Imagine a daily communicant, or several, in bitter anger about migrants coming to the United States on rafts. So this Extraordinary Minister of Communion opines with his fellow members of a parish council, “We should have mechanized gun turrets on the beach to greet them!” Think that is ludicrous? Do you believe that we don’t have such people in our parishes that would dare think such horrors, much less say them? Think again.

“I believe in God, the Father Almighty.” Okay. But what does that mean? Culture shapes and limits how I understand that line. Maybe if I don’t critically reflect on it, it can mutate into a vehicle to the worst demons of our society. Therefore it can cloak a kind of Crack House where addiction to cruelty worsens. The false god Omnipotens helps cruelty go unchecked, unhindered, unchanged in complacency. In my daily life, love and compassion are hollow words to the superior reality lived of coercive force.

It doesn’t matter how many times I speak about love, kindness, decency, or “family values.” Everything in my life adores Omnipotens, and proves coercive force is superior to all these other “feels.” We can all use holy words and holy speak, but mean radically different things by them! There are moral limits to verbal orthodoxy.

Cruel Belief

Wisely Father Richard Rohr says, “Your image of God creates you.” How true that is! And Dr. Cornel West may add that, “The crisis of vision is real.”

Revenge and grievance are sanctified by “holy” Omnipotens. So too is any cruelty, whether epic or the subtle sort clothed by “nice” Americans or Germans. The checks of anxiety, whether via shame or psychological guilt, are cast, bound and muzzled, into dungeons far removed from my awareness. My adoration for this idol keeps me from being depressed. The holy delusions of Omnipotens safeguards me from ever understanding and identifying with the marginalized.

There is no real empathy with Omnipotens, cruel god of the polis and Empire, patron of the nails driven into the feet and hands of Jesus whom I claim to love without ever even trying to know. There is no walking in the other’s shoes, no soul-to-soul gemeinschaft-relations. It’s ultimately despair because it offers all dogmas but nothing dynamic, and therefore no possibility but this futility and misery. Such beliefs comfort in the seemingly pleasant air of life’s prime, but it’s a nightmare when you hit hospice, Superman!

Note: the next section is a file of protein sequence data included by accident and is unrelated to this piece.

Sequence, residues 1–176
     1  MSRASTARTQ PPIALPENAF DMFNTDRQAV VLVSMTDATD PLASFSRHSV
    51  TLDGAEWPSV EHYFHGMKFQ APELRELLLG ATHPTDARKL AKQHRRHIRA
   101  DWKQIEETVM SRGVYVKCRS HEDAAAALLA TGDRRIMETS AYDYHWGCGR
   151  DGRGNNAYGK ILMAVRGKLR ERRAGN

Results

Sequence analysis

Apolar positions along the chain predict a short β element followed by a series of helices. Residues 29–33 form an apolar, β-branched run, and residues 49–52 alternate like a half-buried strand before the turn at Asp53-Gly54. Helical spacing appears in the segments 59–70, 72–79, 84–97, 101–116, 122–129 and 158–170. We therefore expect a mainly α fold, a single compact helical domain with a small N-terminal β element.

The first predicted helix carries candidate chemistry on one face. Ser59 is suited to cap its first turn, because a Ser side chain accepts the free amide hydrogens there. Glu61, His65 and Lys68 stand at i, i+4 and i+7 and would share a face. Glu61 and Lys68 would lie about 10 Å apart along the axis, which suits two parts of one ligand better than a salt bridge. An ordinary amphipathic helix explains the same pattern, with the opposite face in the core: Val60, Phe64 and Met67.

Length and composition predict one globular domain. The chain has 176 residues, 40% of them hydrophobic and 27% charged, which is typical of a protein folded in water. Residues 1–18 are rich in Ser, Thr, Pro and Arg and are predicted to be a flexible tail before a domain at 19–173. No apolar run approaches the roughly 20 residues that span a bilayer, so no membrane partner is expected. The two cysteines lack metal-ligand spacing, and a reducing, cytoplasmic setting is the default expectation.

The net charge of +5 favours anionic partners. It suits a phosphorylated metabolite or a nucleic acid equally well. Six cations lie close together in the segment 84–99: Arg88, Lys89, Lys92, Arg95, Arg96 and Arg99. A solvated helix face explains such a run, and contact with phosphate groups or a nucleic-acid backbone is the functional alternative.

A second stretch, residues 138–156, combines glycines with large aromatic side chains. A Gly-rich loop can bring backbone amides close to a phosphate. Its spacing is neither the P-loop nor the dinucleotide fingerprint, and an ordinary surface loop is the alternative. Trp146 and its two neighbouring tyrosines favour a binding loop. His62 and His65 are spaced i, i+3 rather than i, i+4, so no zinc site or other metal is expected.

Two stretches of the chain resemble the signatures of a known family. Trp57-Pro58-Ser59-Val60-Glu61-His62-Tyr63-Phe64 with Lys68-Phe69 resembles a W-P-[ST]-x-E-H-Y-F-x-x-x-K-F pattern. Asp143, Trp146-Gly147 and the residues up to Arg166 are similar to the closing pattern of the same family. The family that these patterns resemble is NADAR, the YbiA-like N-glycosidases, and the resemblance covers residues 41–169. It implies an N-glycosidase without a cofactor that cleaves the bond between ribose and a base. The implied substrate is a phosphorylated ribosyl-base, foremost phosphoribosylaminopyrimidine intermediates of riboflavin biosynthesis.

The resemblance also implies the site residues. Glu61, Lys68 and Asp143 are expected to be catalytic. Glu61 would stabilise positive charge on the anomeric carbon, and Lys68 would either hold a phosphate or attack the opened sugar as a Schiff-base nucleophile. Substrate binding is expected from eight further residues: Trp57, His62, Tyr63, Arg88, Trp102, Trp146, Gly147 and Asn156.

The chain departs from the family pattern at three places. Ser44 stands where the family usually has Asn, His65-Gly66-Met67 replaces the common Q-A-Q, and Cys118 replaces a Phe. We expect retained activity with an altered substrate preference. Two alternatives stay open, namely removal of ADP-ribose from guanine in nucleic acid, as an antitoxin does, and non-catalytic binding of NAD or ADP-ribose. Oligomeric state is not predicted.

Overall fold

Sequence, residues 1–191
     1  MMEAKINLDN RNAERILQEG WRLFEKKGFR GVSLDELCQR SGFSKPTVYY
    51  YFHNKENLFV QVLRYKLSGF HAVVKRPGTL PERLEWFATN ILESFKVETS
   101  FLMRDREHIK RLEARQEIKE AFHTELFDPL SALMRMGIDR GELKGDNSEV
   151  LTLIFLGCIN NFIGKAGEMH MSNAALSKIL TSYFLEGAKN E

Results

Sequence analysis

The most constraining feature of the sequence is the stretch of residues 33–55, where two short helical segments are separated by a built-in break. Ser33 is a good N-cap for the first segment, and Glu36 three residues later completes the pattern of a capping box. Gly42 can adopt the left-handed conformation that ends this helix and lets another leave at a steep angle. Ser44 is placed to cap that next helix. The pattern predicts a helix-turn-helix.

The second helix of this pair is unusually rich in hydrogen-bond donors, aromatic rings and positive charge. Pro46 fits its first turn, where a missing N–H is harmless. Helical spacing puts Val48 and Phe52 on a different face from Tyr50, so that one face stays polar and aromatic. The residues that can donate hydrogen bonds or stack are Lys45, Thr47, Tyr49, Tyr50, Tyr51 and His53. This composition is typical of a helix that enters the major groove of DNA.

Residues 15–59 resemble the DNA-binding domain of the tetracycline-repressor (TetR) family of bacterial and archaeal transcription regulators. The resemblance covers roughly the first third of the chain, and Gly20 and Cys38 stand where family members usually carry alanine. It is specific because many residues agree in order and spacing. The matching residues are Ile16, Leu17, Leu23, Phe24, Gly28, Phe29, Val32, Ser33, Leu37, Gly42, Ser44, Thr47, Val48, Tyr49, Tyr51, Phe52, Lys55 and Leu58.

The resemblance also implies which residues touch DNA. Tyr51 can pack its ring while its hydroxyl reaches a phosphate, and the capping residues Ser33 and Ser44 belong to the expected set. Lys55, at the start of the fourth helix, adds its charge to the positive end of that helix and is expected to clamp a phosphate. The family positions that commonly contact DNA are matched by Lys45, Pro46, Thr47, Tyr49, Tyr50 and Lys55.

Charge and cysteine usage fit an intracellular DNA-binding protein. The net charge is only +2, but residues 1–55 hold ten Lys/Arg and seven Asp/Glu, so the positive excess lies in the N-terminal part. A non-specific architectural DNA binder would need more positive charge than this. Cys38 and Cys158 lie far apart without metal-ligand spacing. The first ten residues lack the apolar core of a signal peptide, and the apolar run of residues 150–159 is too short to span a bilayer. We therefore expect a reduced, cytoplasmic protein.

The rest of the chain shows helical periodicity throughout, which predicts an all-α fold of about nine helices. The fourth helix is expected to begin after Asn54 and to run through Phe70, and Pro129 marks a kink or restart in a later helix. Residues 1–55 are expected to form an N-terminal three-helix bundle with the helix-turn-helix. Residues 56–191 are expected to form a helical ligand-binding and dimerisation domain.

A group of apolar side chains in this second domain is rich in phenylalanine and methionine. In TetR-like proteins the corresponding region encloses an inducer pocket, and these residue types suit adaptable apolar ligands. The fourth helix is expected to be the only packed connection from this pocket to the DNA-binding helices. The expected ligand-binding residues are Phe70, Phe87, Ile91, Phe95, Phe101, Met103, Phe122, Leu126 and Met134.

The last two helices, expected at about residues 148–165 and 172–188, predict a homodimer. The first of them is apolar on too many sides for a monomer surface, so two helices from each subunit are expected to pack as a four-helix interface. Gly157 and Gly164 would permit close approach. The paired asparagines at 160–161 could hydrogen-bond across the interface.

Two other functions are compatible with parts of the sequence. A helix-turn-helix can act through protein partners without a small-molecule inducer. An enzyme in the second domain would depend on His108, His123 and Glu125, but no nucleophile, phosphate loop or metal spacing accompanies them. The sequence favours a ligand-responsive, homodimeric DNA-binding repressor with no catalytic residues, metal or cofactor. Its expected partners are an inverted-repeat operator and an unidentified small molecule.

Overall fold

But we don’t have to think about that unpleasantness when we’ve got uncanny Omnipotens. He truly is the god of the impossible-made-possible. He can make wars “just.” Warfare can even be made holy, and the brutalizing of peoples the will of God. If you wish to obliviate anything redeeming in your enemies and justify being cruel, hold fast to Omnipotens, true believer!

Being Cruel throughout the Ages

Reading some historical treatments help us Americans to see that we are not too far from our Roman ancestors in beliefs and practices. Works like David Stannard’s American Holocaust: Columbus and the Conquest of the New World (1992) and James Bacque’s Other Losses: An Investigation into the Mass Deaths of German Prisoners at the Hands of French and Americans after World War II (1989), help.

Good reading showcases the enduring cult of Omnipotens throughout history in Roland Auguet’s Cruelty and Civilization: The Roman Games (1972). This also is seen in Keith Hopkins’ Death and Renewal: Sociological Studies in Roman History (1983).

Not only in Rome, but elites from all over the Mediterranean world saw cruel Omnipotens as being far superior to compassion and forgiveness. Don’t be naive, fellow Christians: the Bible does not escape this. Consider the books of Deuteronomy, the genocidal warfare of Joshua, and the bloodthirsty glee of Nahum, where we find biblical examples of the cult of Omnipotens!

Considering the Creed of Constantine, all 21st century Christians must ask: WHAT IS THE CONTEXT of “omnipotens Deus”? How would Constantine understand the phrase, “I believe in one God, the Father, the Almighty”?

In our Christian Bibles—together with the Torah and Quran—could there be some hangover of the worship of Omnipotens going on? If so, inspiration must be a messy business my friends! If so, how can ANY of these sacred texts be the final word on things? Shouldn’t Christians critically reflect about the very important difference between a first word and the final word about stuff?

What Being Cruel Says

Imagine a society that uses cruel, coercive force as a means of entertainment. What does that say about the social system therein? Consider Nazis—and many Christian European peoples over the past two millennia!—who abused, persecuted, tortured and murdered Jews. What does this say about them and their god?

Consider Serbians torturing Bosnian Moslems, or Israelis abusing Palestinians. Or, consider Hutus slaughtering Tutsis in Rwanda and Tutsis slaughtering Hutus in Burundi, all of them Christians! And consider also the defenseless Twa abused by both, and hardly ever mentioned.

What does the cruelty of Christian European pilgrims say when they abused indigenous peoples all in the name of Christ? What does it say about the faith of Americans instructing torture techniques to South Americans, and even providing their elites with weapons of assassination, like the gun used to murder St. Óscar Romero celebrating Mass?

Looking at all that, together with Christian U.S. presidents suggesting moats full of deadly reptiles for migrants along with shooting them in their legs, what do you think? Isn’t it apparent that belief in Omnipotens is far more successful, widespread, and effective than Jesus’ Good News? You’d have to be delusional not to see this. You should know that fundamentalism of all stripes is a psychological problem.

Holy and Cruel and Same